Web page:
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VOL. 128 | NO. 251 | Friday, December 27, 2013

Industrial Uptick Seen in Outer Counties

By Amos Maki

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The Memphis industrial market saw the return of speculative development in 2013 and an uptick in tenants seeking blocks of 500,000 square feet or more.

After suffering through a prolonged slump in industrial construction activity following the economic collapse and resulting recession, industrial development outside of Shelby County in the Memphis market roared back to life in 2013.


“One of the big trends we saw was the continued development in counties outside of Shelby County,” said Andy Cates, executive vice president of brokerage services for Colliers International Memphis. “There was a return of speculative development, something that hasn’t been here for a few years.”

This year, Industrial Developments International (IDI) launched an expansion of the 478-acre Crossroads Distribution Center with several new speculative buildings: the 241,000-square-foot Crossroads L building, the 430,212-square-foot Crossroads D building and the 861,252-square-foot Crossroads H building.

Panattoni Development Co. is building a 554,000-square-foot speculative warehouse that can be expanded to 1.3 million square feet in the Marshall County, Miss., portion of its 1,500-acre Gateway Global Logistics Center industrial development.

Hillwood Investment Properties announced plans for a 514,980-square-foot building in DeSoto Trade Center. Hillwood described that building as speculative, but indications are that the building is being built for an existing client.

Increased leasing opportunities and the dearth of new development over the last five years fueled the building boom.

“With the decreasing vacancy rates and no new construction since 2008, the market needed new, larger blocks of space as the existing inventory of space was leased up as the national and local Memphis market began to rebound from the recession,” said Jim Mercer, executive vice president of CB Richard Ellis Memphis. “Also, with the return of investors paying lower capitalization rates and higher per-square-foot prices for industrial facilities, developers grew more confident that their new buildings would be quickly purchased upon lease-up.”

Experts said they believed the construction activity would continue into 2014, with more developers – attracted by increased demand and the prospect of being able to command stronger rents – joining the current building activity.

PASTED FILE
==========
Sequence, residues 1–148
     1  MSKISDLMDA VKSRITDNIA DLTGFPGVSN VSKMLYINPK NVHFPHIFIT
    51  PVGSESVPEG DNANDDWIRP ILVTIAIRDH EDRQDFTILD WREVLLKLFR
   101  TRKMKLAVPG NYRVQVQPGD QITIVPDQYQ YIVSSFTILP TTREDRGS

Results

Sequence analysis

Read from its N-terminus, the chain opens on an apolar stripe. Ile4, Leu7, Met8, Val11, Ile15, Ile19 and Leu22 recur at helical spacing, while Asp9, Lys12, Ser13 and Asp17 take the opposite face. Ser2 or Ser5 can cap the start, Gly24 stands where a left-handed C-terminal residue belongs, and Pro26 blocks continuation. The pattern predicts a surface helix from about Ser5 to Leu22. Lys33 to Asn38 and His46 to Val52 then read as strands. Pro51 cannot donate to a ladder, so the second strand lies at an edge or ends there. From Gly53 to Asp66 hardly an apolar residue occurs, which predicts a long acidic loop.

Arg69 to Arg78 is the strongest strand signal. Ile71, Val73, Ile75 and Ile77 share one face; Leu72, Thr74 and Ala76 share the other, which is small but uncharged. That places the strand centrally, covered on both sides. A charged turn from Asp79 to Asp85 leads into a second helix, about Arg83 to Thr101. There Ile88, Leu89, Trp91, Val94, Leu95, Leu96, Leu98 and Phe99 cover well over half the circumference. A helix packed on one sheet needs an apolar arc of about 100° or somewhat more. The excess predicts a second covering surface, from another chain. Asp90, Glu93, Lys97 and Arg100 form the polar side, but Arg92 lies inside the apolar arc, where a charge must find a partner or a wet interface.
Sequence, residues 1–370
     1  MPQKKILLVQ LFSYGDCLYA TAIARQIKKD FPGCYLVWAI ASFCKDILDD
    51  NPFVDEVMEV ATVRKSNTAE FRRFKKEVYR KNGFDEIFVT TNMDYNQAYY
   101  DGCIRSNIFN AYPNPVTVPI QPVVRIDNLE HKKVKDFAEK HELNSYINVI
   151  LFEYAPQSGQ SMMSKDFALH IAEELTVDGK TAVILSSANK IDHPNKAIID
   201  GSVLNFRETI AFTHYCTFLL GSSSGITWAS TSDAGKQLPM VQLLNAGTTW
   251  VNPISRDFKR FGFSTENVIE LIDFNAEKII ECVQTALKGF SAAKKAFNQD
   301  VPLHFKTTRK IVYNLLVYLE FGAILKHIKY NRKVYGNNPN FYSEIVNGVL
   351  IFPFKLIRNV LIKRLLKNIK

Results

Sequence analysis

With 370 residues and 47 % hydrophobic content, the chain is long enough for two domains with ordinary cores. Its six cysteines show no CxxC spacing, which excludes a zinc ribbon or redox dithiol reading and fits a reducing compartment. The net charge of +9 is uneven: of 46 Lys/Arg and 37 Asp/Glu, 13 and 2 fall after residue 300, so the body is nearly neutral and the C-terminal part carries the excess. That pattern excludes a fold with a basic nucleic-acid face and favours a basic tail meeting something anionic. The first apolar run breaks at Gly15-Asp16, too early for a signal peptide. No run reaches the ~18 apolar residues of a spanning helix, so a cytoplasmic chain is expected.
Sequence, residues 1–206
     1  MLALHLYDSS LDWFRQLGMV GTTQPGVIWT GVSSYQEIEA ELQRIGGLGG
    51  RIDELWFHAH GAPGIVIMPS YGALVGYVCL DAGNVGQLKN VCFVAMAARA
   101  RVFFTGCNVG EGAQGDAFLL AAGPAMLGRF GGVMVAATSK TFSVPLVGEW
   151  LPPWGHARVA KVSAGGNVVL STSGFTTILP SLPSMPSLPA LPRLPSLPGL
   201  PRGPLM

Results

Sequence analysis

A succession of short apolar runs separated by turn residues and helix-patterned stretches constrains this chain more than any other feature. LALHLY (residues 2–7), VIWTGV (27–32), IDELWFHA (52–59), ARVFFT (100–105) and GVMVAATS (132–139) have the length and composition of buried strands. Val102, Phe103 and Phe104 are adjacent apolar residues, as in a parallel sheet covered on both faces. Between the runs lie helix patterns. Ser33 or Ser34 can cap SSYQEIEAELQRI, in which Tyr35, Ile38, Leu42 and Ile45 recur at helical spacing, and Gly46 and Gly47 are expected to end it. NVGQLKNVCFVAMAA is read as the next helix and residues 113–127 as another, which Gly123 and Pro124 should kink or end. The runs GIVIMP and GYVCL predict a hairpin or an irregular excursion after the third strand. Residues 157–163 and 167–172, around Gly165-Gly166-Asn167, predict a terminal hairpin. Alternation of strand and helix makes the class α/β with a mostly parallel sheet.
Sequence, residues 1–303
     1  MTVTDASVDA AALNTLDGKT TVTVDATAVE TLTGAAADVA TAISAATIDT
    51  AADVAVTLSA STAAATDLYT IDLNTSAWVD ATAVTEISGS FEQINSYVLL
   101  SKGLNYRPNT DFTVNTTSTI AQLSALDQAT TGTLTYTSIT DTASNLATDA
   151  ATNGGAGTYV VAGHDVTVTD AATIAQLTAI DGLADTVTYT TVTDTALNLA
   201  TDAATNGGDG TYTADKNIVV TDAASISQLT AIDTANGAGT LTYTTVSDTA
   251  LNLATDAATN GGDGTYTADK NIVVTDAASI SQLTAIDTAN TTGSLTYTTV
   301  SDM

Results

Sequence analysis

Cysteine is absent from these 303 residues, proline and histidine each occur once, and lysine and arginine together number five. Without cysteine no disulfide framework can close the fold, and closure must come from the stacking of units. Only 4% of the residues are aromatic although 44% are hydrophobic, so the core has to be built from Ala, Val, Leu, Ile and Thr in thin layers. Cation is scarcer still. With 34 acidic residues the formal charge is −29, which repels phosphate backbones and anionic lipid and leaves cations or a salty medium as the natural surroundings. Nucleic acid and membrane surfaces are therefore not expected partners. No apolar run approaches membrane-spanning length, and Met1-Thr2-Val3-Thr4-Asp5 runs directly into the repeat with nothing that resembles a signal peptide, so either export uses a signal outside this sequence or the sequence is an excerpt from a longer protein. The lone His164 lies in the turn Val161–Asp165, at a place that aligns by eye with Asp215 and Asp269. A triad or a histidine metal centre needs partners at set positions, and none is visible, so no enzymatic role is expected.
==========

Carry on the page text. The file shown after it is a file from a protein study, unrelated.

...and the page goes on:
“I’m fairly certain you’ll see more developers go up with speculative product in 2014,” Cates said. “Growth in rental rates came back to our market about a year and a half ago. Before, the rates would just stay flat so the developers couldn’t see any upside.”

Leasing activity has increased dramatically from the darkest days of the recession.

A CBRE Memphis third-quarter industrial report said the Memphis market has a chance to end the year with 3 million square feet of absorption, the first time the Memphis market would hit the 3 million-square-foot level since 2008.

The overall industrial vacancy rate in the Memphis market dropped to 14.1 percent in the third quarter as the market experienced 1.9 million square feet of absorption, according to Cushman & Wakefield/Commercial Advisors.

The surge in third-quarter activity was led by several large leases, including Technicolor leasing 600,000 square feet at 5461 Davidson Road in the Southeast submarket and GENCO leasing 533,226 square feet in IDI’s Crossroads Building G.

In the fourth quarter, BizChair.com, an Internet retailer that specializes in selling chairs and furniture for offices, schools, restaurants, medical facilities and homes, signed a lease for around 382,500 square feet inside Olive Branch Distribution Center.

Experts said most tenants looking for space in the market are now looking for blocks larger than 350,000 square feet.

“We’re seeing the return of the big bombers,” said Kemp Conrad, principal with Cushman & Wakefield/Commercial Advisors. “All the deals are in the bigger range.”

Local experts predicted that Shelby County would continue to struggle to land industrial tenants, as businesses prefer the larger blocks of space in the new buildings being built outside of the county.

“I think you’re still going to see the development where it is unless it’s build to suit,” said Cates.

Conrad said that while development and leasing activity in areas such as DeSoto County is still a net positive because those locations are part of the greater Memphis area, the lack of development in Memphis and Shelby County is troubling.

“People that are doing speculative construction are the ones winning the big deals,” said Conrad. “From a regional standpoint, I’m glad they’re coming to the region, but Memphis needs to get its fair share of these deals and we’re not right now.”

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